I arrived at the address. It was kind of a dodgy neighbourhood for the “interview of a lifetime”. Wait. That’s not right. He had said it would be the “interview of an eternity”. Weird cat.
Still not sure why I agreed to do this. I wouldn’t usually do an interview with an anonymous. He was just so damn convincing.
So here I was, early on a Friday morning (only a bit hung over), at an old building in a tough part of town – waiting for my “interview of an eternity” (Who says shit like that?). One last look at the outside of the building and I was sure this wasn’t going to be one of the bigger rock stars I had ever interviewed. I mean, if Mick Jagger wanted an interview, the guy on the phone would have said, “Mick Jagger wants an interview”. It would have been like a request from God.
Yet here I am.
All right. It’s time to do this.
The front door was stiff. The whole lobby was small, unfurnished, and needed cleaning. Now what do I do.
“Hello? Paul? Take the elevator to the top floor, please.”
I didn’t see an intercom anywhere. The voice seemed to be coming from everywhere. The elevator opened as I approached it. I entered and saw the button had already been pressed for the top floor – the thirteenth. Pretty rare to see a building that has a Floor Thirteen. The elevator hadn’t moved yet, but the door opened on the thirteenth floor. I guess I just wasn’t paying attention.
I turned a corner in the hall and came upon a small door. It had a frosted window and black cartoonish lettering that said “The Big Guy”. Well that’s not too pretentious.
As I was about to knock, the door was opened by a skinny, old hippie-looking guy. He had long grey hair pulled back in a pony tail, and a long grey goatee with no moustache. He had bushy eyebrows, and was wearing a pair of half-glasses on the end of his nose. His clothes were all black: Sneakers, jeans, suit jacket, and a black t-shirt that said “London Calling” and had a picture of Paul Simonon smashing his bass guitar.
This was definitely not Mick Jagger.
“Um. Hi. I’m Paul. I’m here to interview … someone.”
The old guy looked amused. “I know. Come on in, Paul. Please sit down.” He gestured to a couch. Everyone thinks they’re rock and roll if they have leather couches.
“I’m afraid you have me at a bit of a loss. It’s not entirely clear to me who I’m supposed to be interviewing. You are …”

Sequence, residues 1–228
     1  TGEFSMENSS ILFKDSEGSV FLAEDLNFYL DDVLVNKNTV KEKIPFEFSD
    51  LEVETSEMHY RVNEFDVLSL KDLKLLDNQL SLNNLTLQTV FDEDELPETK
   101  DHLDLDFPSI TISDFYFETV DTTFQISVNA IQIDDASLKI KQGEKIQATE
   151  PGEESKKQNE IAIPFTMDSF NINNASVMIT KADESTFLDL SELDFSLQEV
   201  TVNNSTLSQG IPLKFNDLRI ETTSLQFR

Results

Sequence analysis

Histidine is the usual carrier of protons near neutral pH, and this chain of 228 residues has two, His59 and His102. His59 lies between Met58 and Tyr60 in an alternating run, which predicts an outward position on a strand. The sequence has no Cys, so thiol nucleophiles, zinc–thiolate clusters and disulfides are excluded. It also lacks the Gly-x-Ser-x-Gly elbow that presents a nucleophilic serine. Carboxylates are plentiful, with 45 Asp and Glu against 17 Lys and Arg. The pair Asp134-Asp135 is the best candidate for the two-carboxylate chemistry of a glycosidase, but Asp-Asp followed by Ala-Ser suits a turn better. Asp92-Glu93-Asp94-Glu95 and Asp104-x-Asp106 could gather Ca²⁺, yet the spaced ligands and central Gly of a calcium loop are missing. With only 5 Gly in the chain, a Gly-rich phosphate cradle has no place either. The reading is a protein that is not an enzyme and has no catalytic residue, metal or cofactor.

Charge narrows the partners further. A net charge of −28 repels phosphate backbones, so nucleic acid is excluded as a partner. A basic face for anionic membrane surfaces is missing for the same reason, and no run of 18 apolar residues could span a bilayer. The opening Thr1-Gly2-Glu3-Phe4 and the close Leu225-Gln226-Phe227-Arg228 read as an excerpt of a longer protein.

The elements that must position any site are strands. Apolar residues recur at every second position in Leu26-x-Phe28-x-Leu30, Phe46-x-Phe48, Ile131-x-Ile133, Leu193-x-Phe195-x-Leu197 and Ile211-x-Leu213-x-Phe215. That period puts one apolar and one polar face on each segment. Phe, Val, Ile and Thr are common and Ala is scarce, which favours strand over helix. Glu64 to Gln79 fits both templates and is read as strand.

Oh shit, he’s crazy. “Sorry, I must have misheard you.”
“God. Yahweh, Jehovah, The Big Guy … Do I need to go on?”
Crazy as a shithouse rat. That’s what this guy was. Time to leave before I had wasted any more time on this freak. “Listen … Jehovah … I don’t think I’m the guy you want to talk to.”
“Please sit back down, Paul. I can provide proof.”
I found myself sitting down again. “All right, Jehovah. What’s the proof? I love a good magic trick. Rain? Frogs? Locusts? A bigger dick? Any of those things would go a long way toward proving your identity.”
“You sat back down even though you didn’t want to. Does that prove anything?”
“Dude, that’s just cheap. You said enough to make me curious. All that means is that you would be a good sideshow barker. You’re going to have to do better than that.”
Something changed in his look. Something happened in my brain. It was like a quick flash of a strobe light, and suddenly … I believed. This was really Him. Holy O’Jesus Motherfucking Christ, this was really Him. Oh, and I probably shouldn’t blaspheme.
He sat back on the couch across from me. “There now. We’ve done away with THAT unpleasantness. Are you ready to get started on the interview?”
“Wait a minute, Jehovah … Almighty … Lord. You want me to interview YOU. Why me?”
He seemed a little impatient with the question. “Paul. FRIEND, you’re right. I could talk to anyone. I could talk to everyone. I’m the Supreme Being after all. But that’s not the way I roll. I actually get a little nervous in front of crowds. No sir, one-on-one is the way to go. You seem like a good guy.
“And by the way … enough of this Almighty stuff. Just call me Jeff.”
“Yeah. I like to think of it as a shortening of Jehovah, and it makes me sound more everyman. Jeff.”
“Listen, God … I mean Jeff … I can’t do this. I mean, I’m a frigging atheist after all.”
“That’s why I like you, Paul. You believe what’s in front of you, and nothing more. That’s what makes you such a good interviewer.”
“Okay, so what should we talk about?”
“Well, now that I’ve got your attention, why don’t you head home and think about it over the weekend? I know that you like to do research before an interview. Come on back here Monday morning at nine. We’ll talk.”
And THAT, boys and girls, is how I met the Almighty Ruler of the Universe.